I feel very fortunate to have joined the dedicated group of individuals mentioned above this last year.
I am a physician-scientist with a research focus in sarcomas. One of the exciting aspects of being involved in sarcoma research are the significant advances made in the field over the past 20 years. Diagnosis of these cancers is becoming ever more precise, and the driving genetic events for most sarcomas have been identified at this point. In many respects, we are at a tipping point with regards to being able to design drugs which specifically target these molecular events, and I strongly believe that the greater sarcoma community will overcome the remaining obstacles to targeted therapy in the upcoming years.
However much work remains to be done to treat these challenging cancers more effectively and to overcome the challenges associated with studying a rare group of cancers. Working together, I sincerely believe we can do this, and I invite you to join us and be part of the team!
Munir R. Tanas, MD
Letter from Dr. Buckwalter
Dr. Joseph A. Buckwalter is a professor of Orthopaedics and Rehabilitation at the University of Iowa Hospitals and Clinics. His clinical practice and research interests include arthritis, healing of joint injuries, metastatic cancer of the skeleton and primary tumors of the skeleton and musculoskeletal soft tissues.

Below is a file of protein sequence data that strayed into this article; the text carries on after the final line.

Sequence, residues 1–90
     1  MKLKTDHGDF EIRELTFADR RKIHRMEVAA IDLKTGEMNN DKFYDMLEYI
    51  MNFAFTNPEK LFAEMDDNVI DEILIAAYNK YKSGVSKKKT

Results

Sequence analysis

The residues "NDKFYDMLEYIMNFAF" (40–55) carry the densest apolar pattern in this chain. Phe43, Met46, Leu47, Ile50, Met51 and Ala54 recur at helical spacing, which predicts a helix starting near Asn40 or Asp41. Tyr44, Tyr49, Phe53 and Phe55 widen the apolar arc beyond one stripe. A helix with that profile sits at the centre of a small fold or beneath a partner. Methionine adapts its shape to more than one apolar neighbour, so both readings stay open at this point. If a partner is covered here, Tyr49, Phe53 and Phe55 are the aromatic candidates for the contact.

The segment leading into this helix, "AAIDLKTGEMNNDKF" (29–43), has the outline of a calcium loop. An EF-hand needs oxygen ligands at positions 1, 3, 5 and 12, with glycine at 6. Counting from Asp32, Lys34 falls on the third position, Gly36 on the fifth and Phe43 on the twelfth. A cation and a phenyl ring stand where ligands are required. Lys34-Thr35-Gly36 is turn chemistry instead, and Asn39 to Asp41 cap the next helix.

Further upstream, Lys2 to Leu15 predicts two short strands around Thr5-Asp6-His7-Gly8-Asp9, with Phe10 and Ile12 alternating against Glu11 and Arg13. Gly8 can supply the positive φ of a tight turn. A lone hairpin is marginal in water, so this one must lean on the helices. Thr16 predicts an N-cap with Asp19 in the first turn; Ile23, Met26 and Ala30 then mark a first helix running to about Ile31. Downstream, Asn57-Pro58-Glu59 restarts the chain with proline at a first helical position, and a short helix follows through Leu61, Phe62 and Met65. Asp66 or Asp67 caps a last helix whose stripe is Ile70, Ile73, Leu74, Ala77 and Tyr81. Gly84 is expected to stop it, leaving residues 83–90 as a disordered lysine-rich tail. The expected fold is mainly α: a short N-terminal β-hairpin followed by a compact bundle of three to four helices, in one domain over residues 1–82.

To all who are concerned about cancer:
For 30 years I have worked with people suffering from cancer. They have inspired me with their courage, empathy and love of life, and shown me the strength of the human spirit in the face of adversity. Sadly, the limitations of current treatments prevent us from curing many cancer patients. Seth Bailey, a young man with great promise and exceptional warmth and fortitude, and a patient of mine, was one of those individuals. The desire of Seth’s parents to help other cancer patients led them to start the tour. I can think of no more appropriate memorial to Seth than The Courage Ride and no more noble cause than increasing support for advancing understanding of cancer so that more people suffering from this disease can live full, productive and happy lives.
Today I am asking you to join me as we move forward to give people a fighting chance to live through cancer and thrive with treatment. We want to be able to tell patients that through research, we know how best to treat their cancer. All of us in the Holden Comprehensive Cancer Center want to be able to optimally treat patients who come to us for help. The Courage Ride gives my colleagues and I at The University of Iowa a chance to do just that.
All of the money raised for this event will go directly to Holden Comprehensive Cancer Center at the University of Iowa for research into this complex disease.
We know we can make a difference and you can too by sponsoring part of our ride. Please join us this August. Come for breakfast, entertainment or to ride as we honor the active lifestyle and courage of Seth Bailey and all other individuals and families who know firsthand how to fight cancer.
Fight with me!
Dr. Joseph Buckwalter